Transfer of Patent Rights –

A patent is a transferable property that the patentee is authorized to assign or license for consideration of his patent rights. Patent rights can be transferred in the following ways:

  • Assignment
  • License
  • Transmission of Patent by oration of Law
  • Assignment  – means the transfer of title by a party to its right or property. Like an intangible asset, a patent can be transferred by agreement. The person the patentee himself or his agent, who assigns the patent rights, is called the assignement and the person in whose favor the patent rights are assigned is called the assignee. If the assignee dies, his legal representative is called the ‘assignee’.
  • License- Patentee can grant his rights on license by contract. The license may be granted to all or some of the rights. Temporary possession is granted by licence or rights for some area. Only then the person has the right of license. The license cannot be transferred to anyone else as it is not an assignee.

Type of License

The licenses are of the following types-

  • Voluntary license
  • Statutory license
  • exclusive license
  • Limited license
  • express and implied license

(3) Transfer of patent by nature of law- When the patentee dies or becomes insolvent or, in the case of a company, if it is dissolved, the patentee’s interest in the patent passes to his legal representative, or On the dissolution of the company, the transfer takes place in the same way as in the case of other assets. If the reasonable requirements of the public are not met, the patent can be acquired by the government under the Act.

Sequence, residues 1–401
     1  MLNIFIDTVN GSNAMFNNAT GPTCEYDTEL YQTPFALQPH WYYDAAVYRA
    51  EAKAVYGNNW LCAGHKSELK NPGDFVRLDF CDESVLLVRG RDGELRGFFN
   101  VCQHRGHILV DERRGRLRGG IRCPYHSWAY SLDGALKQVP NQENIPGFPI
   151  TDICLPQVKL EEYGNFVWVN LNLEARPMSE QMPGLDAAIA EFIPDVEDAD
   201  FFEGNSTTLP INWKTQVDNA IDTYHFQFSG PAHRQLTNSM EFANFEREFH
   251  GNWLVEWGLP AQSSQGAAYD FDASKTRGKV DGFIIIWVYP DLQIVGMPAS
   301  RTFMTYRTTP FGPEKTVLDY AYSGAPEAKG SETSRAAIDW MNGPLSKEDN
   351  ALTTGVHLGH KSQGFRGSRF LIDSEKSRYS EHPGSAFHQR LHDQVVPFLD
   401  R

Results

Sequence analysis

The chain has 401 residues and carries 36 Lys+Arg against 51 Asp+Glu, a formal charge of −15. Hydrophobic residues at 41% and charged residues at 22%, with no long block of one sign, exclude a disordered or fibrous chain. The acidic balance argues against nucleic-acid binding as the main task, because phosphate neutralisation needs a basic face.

Patent infringement and defense – Patent right is a privilege which is obtained by the state to the person who first invents or manufactures a new product. The inventor of such new product gets a monopoly on that article. The same patentee can use and sell them. A breach of privilege arising from a patent right occurs when a person makes, uses what sells an invention within a specified period of time without a license being expressly authorized by its owner. It is considered infringing in the following cases-

  • Copying the invention.
  • Immaterial variation in invention
  • Mechanical equivalent
  • Explore essential features\

All of the above functions often overlap with each other during the infringement of a product or process patent. Where the infringing makes a slight improvement to the patented product or process but actually embodies the material characteristics of the patented invention, a similar copy or immaterial variation of the invention amounts to infringement.

Whether any infringement took place or not has to be decided individually in each case. Whether or not there has been any infringement in a case or the matter is ascertained only from the facts of that case.